Friday, February 07, 2014

"I Love You Mom"

Amazingly Thomas had another good day yesterday. I could hardly believe it. I have got to say that I will never get tired of that bright-eyed boy looking at me and talking to me. I feel like we have been under such a dark cloud for weeks now and finally, finally the sun is peeking through.

Just as in the day before, he came to me a few times and asked for meals and snacks. This has been one of my biggest worries because he had almost completely quit eating. That's not to say he didn't eat but it was really down to the minimum and every ounce of food was a fight. He even came to me for dessert last night (chocolate chip cookies) but emerged from his room shortly after disappearing in there with a mouthful of cookies and spit it all into the trash complaining that they were too rich. I can imagine since he hadn't really had a lot of sweets in a while.

The big event for yesterday was therapy though. I wondered how that was going to go. I got called in to it with him and I was happy to go this time only because I wanted to report the changes I had seen in Thomas. As usual the therapy took a bit of a dark turn for me because his therapist went into territory I had not been in in a while. He began questioning Thomas about his voices and Thomas confirmed that they are still there. I was so disappointed because for some reason I thought they were gone but they aren't after all. You see, he has one voice that talks constantly that keeps up a running commentary about what he's doing.

"You're walking into the waiting room."
"You're sitting down."
"You're waiting for Dr. K. to come out."
"You're thinking about texting you friend"
"You're texting your friend."
"You just shifted your sitting position."

And on and on they go. Dr. K. asked Thomas how intrusive they are during a conversation with someone else and Thomas said that about 50% of the time they distract him from the conversation and he loses what people are saying and basically has to disengage from the conversation. Knowing this explained a lot about Thomas' behavior in conversations and just in life in general. Frankly, with that going on all the time--and it is ALL the time--I don't know how he functions. He takes it in stride, though, just like he takes everything in stride. Sometimes I wonder if the reason he does that is because he's been sick for so long that it's become the norm for him and he doesn't think it should be any other way. That in and of itself makes me sad because I think about all that he's missing in life because this illness has taken over so much of it.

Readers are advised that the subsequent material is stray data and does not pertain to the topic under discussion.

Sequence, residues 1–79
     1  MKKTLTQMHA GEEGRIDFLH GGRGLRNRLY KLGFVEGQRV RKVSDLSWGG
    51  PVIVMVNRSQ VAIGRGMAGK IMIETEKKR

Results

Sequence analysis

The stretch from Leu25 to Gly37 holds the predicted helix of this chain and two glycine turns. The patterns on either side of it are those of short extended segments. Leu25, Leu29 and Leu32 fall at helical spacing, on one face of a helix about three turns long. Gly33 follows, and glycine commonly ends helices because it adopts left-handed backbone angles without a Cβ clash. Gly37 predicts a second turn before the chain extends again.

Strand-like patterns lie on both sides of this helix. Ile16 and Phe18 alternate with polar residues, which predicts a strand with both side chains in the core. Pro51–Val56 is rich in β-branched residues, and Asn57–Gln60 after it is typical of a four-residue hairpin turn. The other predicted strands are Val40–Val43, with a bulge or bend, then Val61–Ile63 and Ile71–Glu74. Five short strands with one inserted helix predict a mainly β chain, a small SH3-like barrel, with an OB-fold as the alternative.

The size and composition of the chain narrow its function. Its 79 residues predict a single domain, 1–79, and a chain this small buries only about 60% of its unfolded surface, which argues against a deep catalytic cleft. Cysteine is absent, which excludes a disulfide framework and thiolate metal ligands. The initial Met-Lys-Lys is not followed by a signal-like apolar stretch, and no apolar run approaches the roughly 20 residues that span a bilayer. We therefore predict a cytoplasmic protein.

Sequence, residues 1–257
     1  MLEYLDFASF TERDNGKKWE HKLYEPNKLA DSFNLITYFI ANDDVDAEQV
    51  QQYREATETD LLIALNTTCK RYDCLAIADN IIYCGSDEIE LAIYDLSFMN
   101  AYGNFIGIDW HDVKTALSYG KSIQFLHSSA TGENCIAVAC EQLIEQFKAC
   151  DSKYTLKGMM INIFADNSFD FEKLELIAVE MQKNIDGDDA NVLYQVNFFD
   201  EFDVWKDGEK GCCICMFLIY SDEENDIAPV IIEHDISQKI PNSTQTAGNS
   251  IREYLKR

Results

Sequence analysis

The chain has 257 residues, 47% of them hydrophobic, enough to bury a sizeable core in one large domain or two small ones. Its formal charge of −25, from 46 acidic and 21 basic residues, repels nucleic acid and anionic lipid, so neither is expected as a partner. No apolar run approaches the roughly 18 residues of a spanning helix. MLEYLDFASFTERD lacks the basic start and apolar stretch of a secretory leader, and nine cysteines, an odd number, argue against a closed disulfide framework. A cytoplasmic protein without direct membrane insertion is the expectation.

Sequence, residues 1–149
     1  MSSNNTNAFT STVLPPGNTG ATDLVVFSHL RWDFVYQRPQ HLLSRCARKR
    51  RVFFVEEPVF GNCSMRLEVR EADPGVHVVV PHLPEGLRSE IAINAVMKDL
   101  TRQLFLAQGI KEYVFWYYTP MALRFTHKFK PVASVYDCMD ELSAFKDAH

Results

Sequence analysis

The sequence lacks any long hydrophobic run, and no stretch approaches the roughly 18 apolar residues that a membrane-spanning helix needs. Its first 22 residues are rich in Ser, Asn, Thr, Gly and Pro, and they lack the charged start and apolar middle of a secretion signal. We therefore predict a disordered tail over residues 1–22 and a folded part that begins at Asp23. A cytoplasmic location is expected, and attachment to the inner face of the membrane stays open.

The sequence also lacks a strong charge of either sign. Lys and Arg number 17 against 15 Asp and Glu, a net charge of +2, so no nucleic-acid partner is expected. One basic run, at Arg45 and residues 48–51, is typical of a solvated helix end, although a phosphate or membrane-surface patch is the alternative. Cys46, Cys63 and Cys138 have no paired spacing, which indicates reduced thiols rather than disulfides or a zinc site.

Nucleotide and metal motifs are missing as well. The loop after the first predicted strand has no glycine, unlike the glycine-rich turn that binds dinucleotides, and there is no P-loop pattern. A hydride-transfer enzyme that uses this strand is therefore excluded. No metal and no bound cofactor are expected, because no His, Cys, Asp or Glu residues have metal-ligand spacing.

Then we talked about his anxiety and bless Dr. K.'s heart, he was trying to hard to come up with strategies to combat that. I know that I sat there thinking to myself,

"That's not going to work. That's not going to work. That's not going to work."

So I can only imagine that Thomas was thinking the same thing. If only Dr. K. was there when Thomas was actually locked in to the anxiety so that he could see how impossible it is to get Thomas past it. Thomas also reported that his dose of lorazepam that he takes to combat it just flat out doesn't work. I was surprised to hear that since all this time I thought it had been working since he takes it every time he has work. Knowing that now, I realized I need to come up with some different strategies for dealing with Thomas when he's anxious. I have a few things in mind and since he works tonight, I'm going to give them a try.

After the session Thomas went to the bathroom so I walked back down the hall to Dr. K.'s office and looked him straight in the eye and said,

"That anxiety of Thomas' is impossible to get through. Impossible."

His response,

"So, the things I suggested aren't going to work are they?"

I told him they wouldn't and he looked so defeated. I felt terrible but felt that he needed to understand and see the determination in my eyes when I told him that to be able to grasp the truth about what Thomas goes through.

Then last night Thomas and I were in the kitchen and I was cutting pills and I gave him a new, higher dose of his Latuda and I told him that I wanted to keep an eye on him closely since this drug also drops blood pressure. He agreed to let me monitor his blood pressure and then he fell silent. When I looked up from doing what I was doing those bright eyes of his met mine and he said,

"I love you mom."

I was over the moon as it hit me that I hadn't heard those words from him in a while, not like this. Not with genuine love behind them. Then he asked,

"Can I have a hug?"

I didn't even hesitate and went to him and hugged him so tightly. I said that I was so thankful for the "I love you" because I hadn't heard it in a while and he told me that he didn't realize that but that he had never stopped loving me. I didn't want to let go of him, I didn't want to step outside that moment holding him there in my arms with his "I love you mom" echoing through my mind and heart but I did. He then took his pills and disappeared back in to his room. As I watched him go, I thought to myself that I now had some semblance of peace with his departure because I could now see in his bright eyes that he was ok and that he really and truly loved me.

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